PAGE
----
Washington’s defense has been in steady decline for years and the game against UCLA was a perfect example.
Going into the game, the Bruins ranked 22nd in the country, averaging 217 yards per game, while the UW running defense was at the opposite end of the spectrum, ranking 99th in the country, allowing 181 yards per game.
The Huskies knew they were going to have to step up if they were going to walk away with a win.
Instead, the Bruins had their way on the ground throughout the game, rushing for 237 yards. That was the sixth time UCLA rushed more than 200 yards in a game this year, while the third time UW allowed more than 200 yards on the ground in a game this year.
It was an indicator of how far the defense of the University of Washington has fallen from where it was less than three years ago with Chris Petersen, where the words Washington and defense were synonymous with each other.
Between 2014 and 2015 in Petersen’s first and second seasons, Washington saw vast improvement on the defensive side of the ball. The Huskies’ average points per game went from 24.8 to 18.8 and they also saw a 60-yard decrease in passing yards allowed per game, from 286.6 passing yards allowed per game in 2014 to just 226.5 passing yards allowed per game in 2015.
As Petersen and his staff continued to recruit their players, Washington’s defense continued to get better and better, peaking in the 2017 season. In that season, the Huskies’ defense was the fourth best in the nation against the career, giving up just 100.8 rushing yards per game, while his total defense was the eighth-best in the nation, giving up just 298 yards per game.
The following year in 2018, Washington’s defense slipped a bit, but stayed relatively the same, dominating the majority of matchups by allowing just 16.4 points per game.
Petersen’s last season as head coach in 2019 showed a remarkable change in the UW’s defensive performance. The points allowed per game rose to 19.4, the rushing yards allowed per game were up to 126.4 yards and the passing yards allowed per game were up to 222.2 yards.
When Petersen’s heir, Jimmy Lake, a former defensive co-coordinator and defensive backs coach, took over the program as head coach in 2020, a return to defensive dominance seemed inevitable.
For two years the opposite has happened. Washington’s defense can no longer be considered dominant or even good for the case.
Under Lake, the passing defense has remained solid, allowing just 185 yards passing through the 2020 season. So far in the 2021 season, they’ve played even better, allowing just 153.2 passing yards per game.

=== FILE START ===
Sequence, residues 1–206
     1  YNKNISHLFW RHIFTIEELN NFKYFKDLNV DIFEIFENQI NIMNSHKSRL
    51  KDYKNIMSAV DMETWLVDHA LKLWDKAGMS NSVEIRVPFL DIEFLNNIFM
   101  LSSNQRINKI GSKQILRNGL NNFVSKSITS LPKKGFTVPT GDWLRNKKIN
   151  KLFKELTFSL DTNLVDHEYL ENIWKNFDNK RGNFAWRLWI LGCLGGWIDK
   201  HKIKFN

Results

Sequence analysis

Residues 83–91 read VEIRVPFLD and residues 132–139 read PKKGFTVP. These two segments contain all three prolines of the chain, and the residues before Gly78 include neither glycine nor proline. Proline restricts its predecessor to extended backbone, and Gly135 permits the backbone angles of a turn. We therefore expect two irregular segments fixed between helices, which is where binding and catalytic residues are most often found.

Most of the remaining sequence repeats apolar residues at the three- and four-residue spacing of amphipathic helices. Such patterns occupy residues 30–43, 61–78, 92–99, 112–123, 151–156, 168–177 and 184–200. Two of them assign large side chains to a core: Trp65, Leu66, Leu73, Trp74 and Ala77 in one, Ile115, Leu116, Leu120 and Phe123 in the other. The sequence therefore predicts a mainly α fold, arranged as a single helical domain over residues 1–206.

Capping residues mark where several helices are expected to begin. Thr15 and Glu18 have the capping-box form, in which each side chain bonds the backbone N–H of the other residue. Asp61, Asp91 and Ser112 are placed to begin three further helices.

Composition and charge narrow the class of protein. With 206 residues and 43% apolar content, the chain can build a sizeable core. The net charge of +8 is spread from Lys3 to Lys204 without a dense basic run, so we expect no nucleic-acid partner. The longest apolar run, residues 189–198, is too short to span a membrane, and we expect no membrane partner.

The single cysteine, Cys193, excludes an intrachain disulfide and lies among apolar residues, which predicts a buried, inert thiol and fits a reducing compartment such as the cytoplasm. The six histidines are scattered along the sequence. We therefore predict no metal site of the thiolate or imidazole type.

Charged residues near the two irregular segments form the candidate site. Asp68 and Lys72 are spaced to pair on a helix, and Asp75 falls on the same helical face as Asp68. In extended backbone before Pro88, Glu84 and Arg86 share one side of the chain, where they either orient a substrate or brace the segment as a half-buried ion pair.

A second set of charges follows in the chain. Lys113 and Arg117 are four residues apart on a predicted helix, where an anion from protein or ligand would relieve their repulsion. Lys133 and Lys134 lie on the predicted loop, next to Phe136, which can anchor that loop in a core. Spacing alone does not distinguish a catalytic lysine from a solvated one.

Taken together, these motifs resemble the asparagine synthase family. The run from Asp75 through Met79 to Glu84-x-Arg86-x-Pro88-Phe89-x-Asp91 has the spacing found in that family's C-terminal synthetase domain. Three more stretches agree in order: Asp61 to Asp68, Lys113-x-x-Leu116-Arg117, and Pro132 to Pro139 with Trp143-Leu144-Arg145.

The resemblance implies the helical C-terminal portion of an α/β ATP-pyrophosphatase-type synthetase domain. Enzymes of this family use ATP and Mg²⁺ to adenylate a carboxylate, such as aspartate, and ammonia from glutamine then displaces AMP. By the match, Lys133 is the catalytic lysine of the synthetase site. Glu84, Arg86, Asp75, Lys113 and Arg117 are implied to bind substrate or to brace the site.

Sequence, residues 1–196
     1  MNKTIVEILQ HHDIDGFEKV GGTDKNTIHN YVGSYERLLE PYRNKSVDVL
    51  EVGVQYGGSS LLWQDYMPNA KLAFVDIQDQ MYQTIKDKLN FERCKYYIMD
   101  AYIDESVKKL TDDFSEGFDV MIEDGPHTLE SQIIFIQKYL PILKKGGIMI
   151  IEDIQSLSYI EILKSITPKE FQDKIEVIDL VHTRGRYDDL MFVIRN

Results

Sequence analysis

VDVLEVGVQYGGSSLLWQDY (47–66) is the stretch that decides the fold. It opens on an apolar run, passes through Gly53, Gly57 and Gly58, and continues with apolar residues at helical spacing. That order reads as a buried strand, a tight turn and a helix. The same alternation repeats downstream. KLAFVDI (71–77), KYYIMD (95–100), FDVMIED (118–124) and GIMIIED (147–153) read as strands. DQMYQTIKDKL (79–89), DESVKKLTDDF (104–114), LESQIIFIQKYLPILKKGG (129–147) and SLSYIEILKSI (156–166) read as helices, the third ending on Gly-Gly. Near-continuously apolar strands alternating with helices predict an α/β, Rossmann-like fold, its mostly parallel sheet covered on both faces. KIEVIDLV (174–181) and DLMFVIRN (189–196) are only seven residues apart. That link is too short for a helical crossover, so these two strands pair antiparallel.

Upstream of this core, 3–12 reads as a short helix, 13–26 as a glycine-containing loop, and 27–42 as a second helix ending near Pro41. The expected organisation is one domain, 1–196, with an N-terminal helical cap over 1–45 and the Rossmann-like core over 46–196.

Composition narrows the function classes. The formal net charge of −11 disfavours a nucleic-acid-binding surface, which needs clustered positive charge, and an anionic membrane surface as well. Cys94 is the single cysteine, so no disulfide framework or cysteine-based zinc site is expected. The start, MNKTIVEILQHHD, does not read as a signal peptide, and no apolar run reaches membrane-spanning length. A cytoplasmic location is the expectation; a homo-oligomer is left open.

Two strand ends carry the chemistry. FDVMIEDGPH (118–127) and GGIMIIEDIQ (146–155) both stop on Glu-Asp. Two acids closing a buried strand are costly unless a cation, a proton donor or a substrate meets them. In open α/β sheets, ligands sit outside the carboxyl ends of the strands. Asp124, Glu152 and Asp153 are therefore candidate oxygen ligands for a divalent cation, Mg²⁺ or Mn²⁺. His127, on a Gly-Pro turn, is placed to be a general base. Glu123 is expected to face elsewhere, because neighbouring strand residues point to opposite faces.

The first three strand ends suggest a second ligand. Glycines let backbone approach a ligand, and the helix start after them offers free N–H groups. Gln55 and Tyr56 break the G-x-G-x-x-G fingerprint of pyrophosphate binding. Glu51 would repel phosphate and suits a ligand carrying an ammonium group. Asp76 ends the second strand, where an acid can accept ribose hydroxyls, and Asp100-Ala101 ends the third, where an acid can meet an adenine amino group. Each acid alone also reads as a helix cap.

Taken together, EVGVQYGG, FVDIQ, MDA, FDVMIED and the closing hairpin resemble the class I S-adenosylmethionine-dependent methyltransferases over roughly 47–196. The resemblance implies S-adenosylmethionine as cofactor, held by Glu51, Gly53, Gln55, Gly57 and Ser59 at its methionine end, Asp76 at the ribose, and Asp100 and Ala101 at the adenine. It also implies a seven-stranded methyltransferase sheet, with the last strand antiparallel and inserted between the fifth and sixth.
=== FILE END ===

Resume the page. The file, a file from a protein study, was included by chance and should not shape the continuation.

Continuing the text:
But when teams don’t need to throw the ball, those numbers become irrelevant.
It’s as bad as it has been in quite some time for the UW’s ground defense. In the 2020 four-game season, the Huskies defense allowed 161.3 rushing yards per game and in 2021 through six games, they are allowing 189.2 rushing yards per game.
UCLA’s running game Saturday night was led by junior running back Zach Charbonnet, who entered the game averaging 6.4 yards per carry. Against the UW, he averaged 6.2 yards per carry, rushing for 131 yards on 21 carries.
“It all comes down to execution,” defensive back Trent McDuffie said. “The guys are in the right place, but we have to finish and at the end of the day we have to finish them. I feel like it’s just a few minor details that we have to clean up, then we can come back. “
Even against the passing game, where Washington hangs his pride, a quick glance at the numbers shows many of the same struggles as against the run.
UCLA got what they wanted on the air Saturday night, when quarterback Dorian Thompson-Robinson was 21-for-26, an 81% completion percentage and had two touchdowns per pass.
But it all comes down to stopping the opposition on the ground. Since defense against running is an issue year-round, pointing to execution as the reason for that fight makes people wonder why that execution has been so difficult to achieve per game in and out of this year.
“There are some teams here that have leaned on the running game and they haven’t thrown it much,” Lake said. “When they run the ball more, obviously they’ll get more yardage and that has been the case here in some of our games. We definitely have to be better, we have to be much better. It starts with us coaches making sure to put these guys in a good position to stop the race. “
Contact reporter Nathan Mathisen at firstname.lastname@example.org. Twitter: @NathanMathisen
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